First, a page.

LOS ANGELES, CA.-
On Sunday, Los Angeles Modern Auctions
, the boutique auction house dedicated to modern and contemporary fine art and design, set a new company record, selling a single work for the highest price in the companys 24-year history: Richard Princes Bedtime Story (1988) from the seminal Monochromatic Jokes paintings realized $1.585 million. LAMA additionally set world auction records for artists and designers Mary Corse, Fred Eversley, John Lautner, James Gill, and Joe Brainard. LAMAs total auction sales for the February 21, 2016 Modern Art & Design auction realized $5.1 million, selling 116% of the 419 lots by value.
Bedtime Story hit the auction market for the first time on Sunday carrying LAMAs highest ever pre-sale estimate of $1,000,0002,000,000. After bidding from local, national, and international collectors, the work realized $1,585,000, marking the highest amount ever paid for a work at LAMA.
The highly anticipated offering of art and design from the Jack Larson and James Bridges collection totaled $618,893, exceeding the collections pre-sale total estimate of $507,000. Highlights from the collection included a rare, early painting by Alex Katz, Heres to You (1962), which brought $162,500; Jasper Johns Skin with OHara poem (1965), which realized $28,750; and a pair of John Lautner floor lamps (c. 1965), which realized $21,250 (Lot 90).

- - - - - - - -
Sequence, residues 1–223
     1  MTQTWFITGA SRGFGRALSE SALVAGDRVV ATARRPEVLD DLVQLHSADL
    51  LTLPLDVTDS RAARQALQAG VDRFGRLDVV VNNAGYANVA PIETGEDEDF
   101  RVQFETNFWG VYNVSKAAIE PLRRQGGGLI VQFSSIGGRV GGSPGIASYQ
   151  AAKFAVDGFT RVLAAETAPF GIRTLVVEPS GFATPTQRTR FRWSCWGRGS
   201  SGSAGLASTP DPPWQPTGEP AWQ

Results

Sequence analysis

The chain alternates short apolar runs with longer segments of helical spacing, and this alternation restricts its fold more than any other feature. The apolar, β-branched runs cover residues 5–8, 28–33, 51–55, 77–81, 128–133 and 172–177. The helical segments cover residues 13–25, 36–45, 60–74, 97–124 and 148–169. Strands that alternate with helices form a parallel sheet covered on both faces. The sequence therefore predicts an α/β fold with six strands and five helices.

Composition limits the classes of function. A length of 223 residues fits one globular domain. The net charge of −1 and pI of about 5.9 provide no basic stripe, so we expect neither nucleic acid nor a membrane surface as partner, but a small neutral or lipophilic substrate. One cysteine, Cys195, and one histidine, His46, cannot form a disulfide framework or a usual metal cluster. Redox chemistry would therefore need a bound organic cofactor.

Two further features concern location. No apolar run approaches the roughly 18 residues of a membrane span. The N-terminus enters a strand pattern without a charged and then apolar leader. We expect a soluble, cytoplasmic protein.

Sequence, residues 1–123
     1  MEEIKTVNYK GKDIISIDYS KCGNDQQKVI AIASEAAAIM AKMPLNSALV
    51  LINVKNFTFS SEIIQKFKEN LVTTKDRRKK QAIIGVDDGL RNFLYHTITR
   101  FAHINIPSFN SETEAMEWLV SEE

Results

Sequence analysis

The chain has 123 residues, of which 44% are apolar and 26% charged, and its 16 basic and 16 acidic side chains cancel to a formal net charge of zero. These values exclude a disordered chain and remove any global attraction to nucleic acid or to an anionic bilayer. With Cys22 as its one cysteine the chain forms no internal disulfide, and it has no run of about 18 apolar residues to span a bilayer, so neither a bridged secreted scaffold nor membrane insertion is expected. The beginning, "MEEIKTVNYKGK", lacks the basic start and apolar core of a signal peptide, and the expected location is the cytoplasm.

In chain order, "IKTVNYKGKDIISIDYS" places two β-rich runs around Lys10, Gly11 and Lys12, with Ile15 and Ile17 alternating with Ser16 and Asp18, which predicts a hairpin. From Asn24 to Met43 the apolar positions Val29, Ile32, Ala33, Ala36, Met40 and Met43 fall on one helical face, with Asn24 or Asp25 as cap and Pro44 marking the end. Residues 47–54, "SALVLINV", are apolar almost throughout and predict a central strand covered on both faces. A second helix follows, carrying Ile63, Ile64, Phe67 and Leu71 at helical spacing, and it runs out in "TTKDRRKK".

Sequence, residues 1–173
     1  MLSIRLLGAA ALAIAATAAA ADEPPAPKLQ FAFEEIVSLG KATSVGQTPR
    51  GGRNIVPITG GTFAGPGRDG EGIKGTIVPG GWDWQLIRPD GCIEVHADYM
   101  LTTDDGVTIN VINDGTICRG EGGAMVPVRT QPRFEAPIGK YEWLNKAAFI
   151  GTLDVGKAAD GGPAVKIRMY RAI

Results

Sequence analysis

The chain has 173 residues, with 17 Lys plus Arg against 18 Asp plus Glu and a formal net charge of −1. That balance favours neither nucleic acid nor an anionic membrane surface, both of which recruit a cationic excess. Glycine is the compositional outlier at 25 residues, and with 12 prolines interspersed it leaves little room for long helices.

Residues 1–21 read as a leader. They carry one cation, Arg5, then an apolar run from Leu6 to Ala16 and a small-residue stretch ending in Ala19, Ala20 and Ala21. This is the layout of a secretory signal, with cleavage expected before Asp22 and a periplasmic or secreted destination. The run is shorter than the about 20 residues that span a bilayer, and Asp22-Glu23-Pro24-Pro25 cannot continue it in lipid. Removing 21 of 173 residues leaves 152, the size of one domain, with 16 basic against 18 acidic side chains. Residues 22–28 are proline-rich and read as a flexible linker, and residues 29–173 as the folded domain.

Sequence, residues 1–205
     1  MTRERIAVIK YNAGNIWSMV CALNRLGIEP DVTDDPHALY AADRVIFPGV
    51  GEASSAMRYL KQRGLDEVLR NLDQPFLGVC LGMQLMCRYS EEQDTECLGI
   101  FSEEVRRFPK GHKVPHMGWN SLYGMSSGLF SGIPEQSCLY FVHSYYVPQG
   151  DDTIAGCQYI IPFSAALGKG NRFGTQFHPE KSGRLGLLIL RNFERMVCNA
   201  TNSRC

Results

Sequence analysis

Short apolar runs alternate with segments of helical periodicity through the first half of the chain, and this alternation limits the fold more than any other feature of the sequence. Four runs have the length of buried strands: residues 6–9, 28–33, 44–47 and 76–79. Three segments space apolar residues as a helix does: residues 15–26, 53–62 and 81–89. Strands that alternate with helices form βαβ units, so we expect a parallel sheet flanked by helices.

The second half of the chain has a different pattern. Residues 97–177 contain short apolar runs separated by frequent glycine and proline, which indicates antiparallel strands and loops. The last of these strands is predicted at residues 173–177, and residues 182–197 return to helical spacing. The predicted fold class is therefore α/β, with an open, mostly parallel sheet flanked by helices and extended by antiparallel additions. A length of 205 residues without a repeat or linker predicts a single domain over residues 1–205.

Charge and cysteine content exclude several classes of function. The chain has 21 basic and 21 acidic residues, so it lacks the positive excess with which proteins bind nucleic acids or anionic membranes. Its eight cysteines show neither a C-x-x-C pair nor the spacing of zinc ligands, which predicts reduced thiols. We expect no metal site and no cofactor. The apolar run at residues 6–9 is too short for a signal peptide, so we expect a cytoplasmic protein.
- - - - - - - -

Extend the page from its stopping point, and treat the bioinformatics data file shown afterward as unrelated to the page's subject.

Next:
As a dedicated champion of California artists, LAMA is especially proud to have established new world auction records for Southern California modernists: Mary Corses Copper-Four Crosses (1979) realized $100,000, a John Lautner floor lamp (1939) brought $43,750 (Lot 96), and a James Gill painting from 1968, when the artist worked in Los Angeles, achieved $22,500.
Works by blue-chip veterans also soared past estimates including art and design by Alberto Giacometti, Frank Stella, Alighiero Boetti, De Wain Valentine, and David Hockney.
Design highlights include an Alberto Giacometti floor lamp, which brought $125,000, a 1939 John Lautner floor lamp, which realized $31,250 (Lot 97), a Sam Maloof circular table, which achieved $21,250, two Frank Lloyd Wright Origami lounge chairs, each of which brought $20,000, and a Sam Maloof sculpted armchair, which realized $16,250.
Record-setting prices have convinced some important collectors to act locally instead of sending works to New York, which used to be the norm, states Peter Loughrey, Director of Modern Design & Fine Art. The Richard Prince sale underscores our growing strength in the field of contemporary art and demonstrates LAMAs ability to offer West Coast collectors expanded opportunities to buy and sell.